The word on the street is crystal clear; interest rates are going up this week. For millennials, a lot of us don’t really know what that means. The last time interest rates went up was nearly a decade ago, in June of 2006. Back then most of us were still students and didn’t give a hoot about interest rates. For the young folks in the room, this world of rising interest rates is an entirely new idea. As the talking heads drone on about what all of this means, here’s what you need to know.
The Great Recession was a god awful, once-in-a-lifetime event that mangled the economy. Since interest rates are the Federal Reserve’s first line of defense to grow the economy, they took the unprecedented step of lowering interest rates to zero (actually between 0 and .25%). This is called the federal funds rate, which is the amount banks charge one another for borrowing money. That rate that influences all other interest rates across the entire economy. Now, that rate is going up a quarter of a percent, which will raise interest rates on things like mortgages, credit cards and other loans. Everyone is watching closely because we’ve never kept interest rates near zero for this long.
The last eight years have been a roller-coaster ride into the unknown, as we’re living in an age of highly experimental monetary policy. This much intervention by the Federal Reserve was never anticipated prior to the recession, and a zero-interest rate policy is just the tip of the iceberg. For instance, when it was thought that putting interest rates at zero wasn’t enough to stimulate growth, the Federal Reserve made unorthodox moves that many say pulled the economy out of a horrible downward spiral. These measures included a poorly-understood monetary tool called quantitative easing, which created cash out of thin air. All of the quantitative easing programs were discontinued in 2014, and since then the Federal Reserve has been looking to get back to normal as soon as possible. This initial hike in interest rates is a strong signal that the Federal Reserve is taking the economy off of life support and ready to put the worst behind us.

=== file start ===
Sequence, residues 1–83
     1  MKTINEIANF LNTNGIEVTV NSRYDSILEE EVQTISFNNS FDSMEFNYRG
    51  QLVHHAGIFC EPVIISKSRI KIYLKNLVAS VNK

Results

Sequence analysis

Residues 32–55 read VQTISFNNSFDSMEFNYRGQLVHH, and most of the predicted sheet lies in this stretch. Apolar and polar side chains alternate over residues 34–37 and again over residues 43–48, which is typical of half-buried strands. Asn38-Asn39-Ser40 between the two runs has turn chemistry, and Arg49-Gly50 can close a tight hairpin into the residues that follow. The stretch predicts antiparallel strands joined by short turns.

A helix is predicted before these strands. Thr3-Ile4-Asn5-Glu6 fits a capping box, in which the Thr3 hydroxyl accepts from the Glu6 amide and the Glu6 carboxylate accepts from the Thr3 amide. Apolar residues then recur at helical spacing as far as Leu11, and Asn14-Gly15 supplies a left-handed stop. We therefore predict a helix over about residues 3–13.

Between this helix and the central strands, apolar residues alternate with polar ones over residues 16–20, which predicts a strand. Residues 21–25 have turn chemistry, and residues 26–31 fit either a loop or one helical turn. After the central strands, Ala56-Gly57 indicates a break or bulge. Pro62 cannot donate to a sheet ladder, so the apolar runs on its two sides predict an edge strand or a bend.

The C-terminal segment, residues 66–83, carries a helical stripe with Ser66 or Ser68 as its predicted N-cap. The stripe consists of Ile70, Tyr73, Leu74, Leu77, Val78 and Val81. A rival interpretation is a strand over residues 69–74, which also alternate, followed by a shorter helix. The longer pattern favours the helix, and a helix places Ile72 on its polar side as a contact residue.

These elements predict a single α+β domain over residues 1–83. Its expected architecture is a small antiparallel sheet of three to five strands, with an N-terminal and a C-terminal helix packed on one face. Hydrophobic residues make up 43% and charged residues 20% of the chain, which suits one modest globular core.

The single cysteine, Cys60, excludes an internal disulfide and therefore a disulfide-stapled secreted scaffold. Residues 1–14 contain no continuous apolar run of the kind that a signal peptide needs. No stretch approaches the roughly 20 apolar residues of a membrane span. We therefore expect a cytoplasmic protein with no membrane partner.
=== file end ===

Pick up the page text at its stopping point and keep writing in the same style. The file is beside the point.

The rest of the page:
It should come as no surprise that the politics surrounding interest rates are a doozy. It’s nearly impossible to have a reasonable conversation about the Federal Reserve and interest rates without getting extreme responses. Many conservatives, especially libertarians, would like to tar-and-feather the Federal Reserve through an “audit.” They say that the Federal Reserve, a private-public institution, shouldn’t be dictating US monetary policy and that low interest rates are causing inflation. While official inflation indicators remain tame, some claim there are signs of overheating, and they’re pointing to steadily-rising real estate prices and a frothy stock market.
On the polar opposite side of the political spectrum, liberals love the idea of ultra-low interest rates, and claim that they are important to growing the middle class and the broader economy. Many liberals favor putting off a rate hike, because they fear it will slow down the economy and hurt the shaky recovery that we’ve had since the Great Recession ended almost seven years ago.
This bitter divide over monetary policy has a bird analogy that is mentioned pretty often in the press. People worried about inflation and who want to raise interest rates are called “hawks” and people who want to keep interest rates low are called “doves”. Much of the debate over interest rates has centered on the ongoing saga between “hawks” and “doves.” Needless to say, these proverbial birds and the overall debate over the effectiveness of stimulative monetary policy does not make for polite dinner table conversation.
Looking beyond the controversy, interest rate hikes matter. How fast they rise is going to dominate the political and business landscape for quite some time to come. Some experts say there are several more rate hikes anticipated in the coming months, and that’s going to make borrowing more expensive. Others say a sagging global economy means the Federal Reserve will have to bring interest rates right back down to zero, and even possibly move to setting a negative interest rate (which is already happening in Europe). In sum, no one really knows what the hell is going to happen.
It should come as no surprise that you’ll see the ‘hawks”and “doves” continue to argue about what’s best for America. The reality is that monetary policy is extremely complex, and it’s going to take years to figure out if the Federal Reserve made all of the right moves. Whether they did too much or too little will be the subject of debate for decades to come.
Photo by dayblakelydonaldson
David is the Editor of Bold. He's especially passionate about millennial economic empowerment. A former local news reporter, David is originally from the Little Havana area in Miami, and later became a pioneer resident of the Disney-inspired town of Celebration, Florida. David holds a Master’s in Public Policy from the Harvard Kennedy School.